Initially, I wanted to use a Bugs theme for a storytime during summer reading, but I had trouble coming up with a science experiment or demo that was simple, bug-intensive, and easy for a large group to see. I had some thoughts about exoskeleton demos, but all of them seemed a little violent for storytime. In the end, I put the theme off until fall, but I wanted to do it early while temperatures were warm enough for bugs. This week turned out to be a good choice; we’re having a resurgence of summer heat and the creepy-crawlies are everywhere.
For this storytime, I used our Bugs Kit, the only non-holiday kit I had not finished revamping. I used one book (Some Bugs) that did not come from the kit.
This kit has so many puppets that I was able to have a whole host of them ready to introduce each story!
Some Bugs by Angela Diterlizzi
Rhyming text tells you what some bugs do: sting, stink, bite, fight, hide… One great spread shows several hiding or camouflaged bugs you can find. Big, attractive illustrations.
Concepts: Rhyme, background knowledge
The Grouchy Ladybug by Eric Carle
A grouchy ladybug picks a fight with another ladybug, but when the other ladybug scares it, it claims it needs a bigger opponent as an escape strategy. It picks progressively bigger fights, weaseling out of all of them, until it meets a whale and gets slapped by its tail so hard that it’s knocked all the way back where it started and into a much more humble mood.
Concepts: Size. Time (not something I emphasized with this age group). Manners.
Tumble Bumble by Felicia Bond
One by one, a bug meets several new friends including a pig and a crocodile, and together they all sneak into a house, steal food, look for bears, and take over a kid’s bed. He’s inexplicably happy to see them when he gets home, and they all make friends. This would be a great lead-in to Ten in the Bed.
Concepts: Counting. Sequence. Breaking and entering (just kidding).
Can You Make a Scary Face? by Jan Thomas
A loud mouthed bug leads readers in a rousing session of make believe, but when he imagines a big green frog, he finds out reality and fantasy sometimes intersect.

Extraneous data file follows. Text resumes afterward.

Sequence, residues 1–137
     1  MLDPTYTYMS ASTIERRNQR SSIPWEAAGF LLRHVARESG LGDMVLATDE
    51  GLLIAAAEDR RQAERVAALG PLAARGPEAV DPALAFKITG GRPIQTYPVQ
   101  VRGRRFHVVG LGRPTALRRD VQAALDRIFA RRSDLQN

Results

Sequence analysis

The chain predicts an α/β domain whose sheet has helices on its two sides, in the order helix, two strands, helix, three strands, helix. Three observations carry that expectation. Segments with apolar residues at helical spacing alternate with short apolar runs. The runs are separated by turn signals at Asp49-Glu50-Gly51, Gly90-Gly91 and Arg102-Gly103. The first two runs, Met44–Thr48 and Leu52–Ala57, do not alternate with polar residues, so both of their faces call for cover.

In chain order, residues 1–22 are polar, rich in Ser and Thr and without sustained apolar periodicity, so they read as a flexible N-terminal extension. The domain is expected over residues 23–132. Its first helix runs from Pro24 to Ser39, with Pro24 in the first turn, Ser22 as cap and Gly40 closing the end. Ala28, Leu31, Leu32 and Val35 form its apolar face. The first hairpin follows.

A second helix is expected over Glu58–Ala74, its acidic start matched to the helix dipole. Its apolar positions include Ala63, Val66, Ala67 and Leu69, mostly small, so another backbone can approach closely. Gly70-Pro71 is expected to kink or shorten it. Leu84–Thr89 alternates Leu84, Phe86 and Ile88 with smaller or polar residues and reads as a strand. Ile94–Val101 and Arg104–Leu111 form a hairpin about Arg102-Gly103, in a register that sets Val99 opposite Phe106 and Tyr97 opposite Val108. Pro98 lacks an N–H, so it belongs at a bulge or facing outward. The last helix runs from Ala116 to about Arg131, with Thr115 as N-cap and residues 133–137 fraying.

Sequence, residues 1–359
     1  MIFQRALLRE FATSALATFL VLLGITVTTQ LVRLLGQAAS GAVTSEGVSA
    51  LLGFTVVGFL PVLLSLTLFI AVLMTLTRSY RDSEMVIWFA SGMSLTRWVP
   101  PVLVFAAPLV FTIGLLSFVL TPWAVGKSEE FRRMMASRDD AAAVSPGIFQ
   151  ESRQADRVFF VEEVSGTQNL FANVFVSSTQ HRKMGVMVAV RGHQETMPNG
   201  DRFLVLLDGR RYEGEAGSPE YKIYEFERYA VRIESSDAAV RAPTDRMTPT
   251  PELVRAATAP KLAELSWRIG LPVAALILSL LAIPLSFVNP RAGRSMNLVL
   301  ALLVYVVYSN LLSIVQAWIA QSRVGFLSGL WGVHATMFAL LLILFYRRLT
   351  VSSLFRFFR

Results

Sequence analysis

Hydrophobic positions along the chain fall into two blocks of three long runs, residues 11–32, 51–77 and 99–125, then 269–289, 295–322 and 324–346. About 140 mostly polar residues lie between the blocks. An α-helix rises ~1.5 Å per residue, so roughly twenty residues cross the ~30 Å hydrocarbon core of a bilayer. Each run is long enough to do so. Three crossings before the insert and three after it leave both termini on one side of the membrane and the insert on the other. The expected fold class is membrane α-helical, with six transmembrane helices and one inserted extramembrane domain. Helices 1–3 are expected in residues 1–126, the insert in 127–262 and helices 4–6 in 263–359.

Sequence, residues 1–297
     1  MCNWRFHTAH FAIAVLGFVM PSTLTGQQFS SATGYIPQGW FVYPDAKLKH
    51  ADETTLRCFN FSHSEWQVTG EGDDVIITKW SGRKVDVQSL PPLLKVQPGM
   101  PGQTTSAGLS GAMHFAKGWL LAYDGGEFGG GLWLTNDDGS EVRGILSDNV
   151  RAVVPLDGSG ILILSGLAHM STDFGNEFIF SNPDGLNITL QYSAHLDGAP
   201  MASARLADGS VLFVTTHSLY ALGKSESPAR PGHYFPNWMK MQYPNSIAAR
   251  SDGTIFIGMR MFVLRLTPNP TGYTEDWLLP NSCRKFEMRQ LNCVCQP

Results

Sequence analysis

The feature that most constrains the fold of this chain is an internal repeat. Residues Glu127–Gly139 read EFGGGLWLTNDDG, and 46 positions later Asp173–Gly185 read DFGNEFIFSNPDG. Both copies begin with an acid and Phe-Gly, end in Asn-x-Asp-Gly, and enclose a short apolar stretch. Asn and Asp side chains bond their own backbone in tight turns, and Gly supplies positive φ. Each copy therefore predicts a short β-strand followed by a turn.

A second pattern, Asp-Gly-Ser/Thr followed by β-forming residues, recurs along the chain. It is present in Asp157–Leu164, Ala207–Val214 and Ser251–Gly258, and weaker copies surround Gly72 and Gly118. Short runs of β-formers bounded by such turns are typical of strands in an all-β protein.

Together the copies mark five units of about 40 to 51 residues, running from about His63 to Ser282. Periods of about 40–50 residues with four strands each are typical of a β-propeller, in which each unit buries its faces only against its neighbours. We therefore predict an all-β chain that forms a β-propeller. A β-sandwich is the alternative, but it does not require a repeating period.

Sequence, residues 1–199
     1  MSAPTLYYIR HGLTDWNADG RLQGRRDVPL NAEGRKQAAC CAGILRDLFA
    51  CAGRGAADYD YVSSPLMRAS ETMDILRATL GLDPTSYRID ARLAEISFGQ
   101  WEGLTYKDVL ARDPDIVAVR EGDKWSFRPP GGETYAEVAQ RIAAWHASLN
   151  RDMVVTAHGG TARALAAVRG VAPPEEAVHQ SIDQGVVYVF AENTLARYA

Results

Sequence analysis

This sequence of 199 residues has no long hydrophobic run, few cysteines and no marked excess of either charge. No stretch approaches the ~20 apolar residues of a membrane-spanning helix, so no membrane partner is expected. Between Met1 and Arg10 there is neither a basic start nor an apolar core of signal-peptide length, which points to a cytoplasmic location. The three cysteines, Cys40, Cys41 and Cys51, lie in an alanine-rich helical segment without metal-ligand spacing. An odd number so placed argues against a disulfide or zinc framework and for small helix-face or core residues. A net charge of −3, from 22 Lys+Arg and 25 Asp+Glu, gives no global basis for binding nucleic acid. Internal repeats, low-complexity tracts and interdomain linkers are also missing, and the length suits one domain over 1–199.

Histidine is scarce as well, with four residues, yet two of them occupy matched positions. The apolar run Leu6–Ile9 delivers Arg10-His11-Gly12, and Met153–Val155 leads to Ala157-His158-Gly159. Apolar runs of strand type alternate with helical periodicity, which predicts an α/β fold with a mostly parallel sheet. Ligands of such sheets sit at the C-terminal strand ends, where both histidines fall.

Concept: Matching text with movement.
Flannelboard: Five Hungry Ants
Five hungry ants, marching in a line,
Came upon a picnic where they could dine.
They marched into the salad, they marched into the cake,
They marched into the pepper….uh oh, that was a mistake!
Source: Miss Mary Liberry
The Bugs in the Garden (Tune: The Wheels on the Bus)
The Bees in the garden go buzz, buzz, buzz…
Source: Our storytime kit
I also had Itsy Bitsy Spider ready to go, but between the welcome song, the sneezing for the flannelboard, and Can You Make a Scary Face?, we had plenty of wiggle time.
Craft: Fingerprint Ladybugs
Our ladybug die has holes pre-punched, but that didn’t give anyone pause as we pressed our fingers onto stamp pads and then used our prints to make ladybug spots! This one is mine. The kids had much more creative color schemes for their bugs.
How It Went:
I had to skip several pages in Grouchy Ladybug because it’s intended for an older audience, but that seemed enough of a change to make it suit this age group. Tumble Bumble usually gets a laugh, but I think these two groups were weirded out by the thought of coming home to a bed full of strange, toothy animals. The other two titles were well-received, and everyone loved sneezing with the flannel board. The craft was a great hit because we all love getting ink all over our hands and making fingerprints! I had plenty of wet wipes on hand to clean little hands afterward. A nice plan overall, and I’m happy to finally have a better flannelboard set in our Bugs Kit!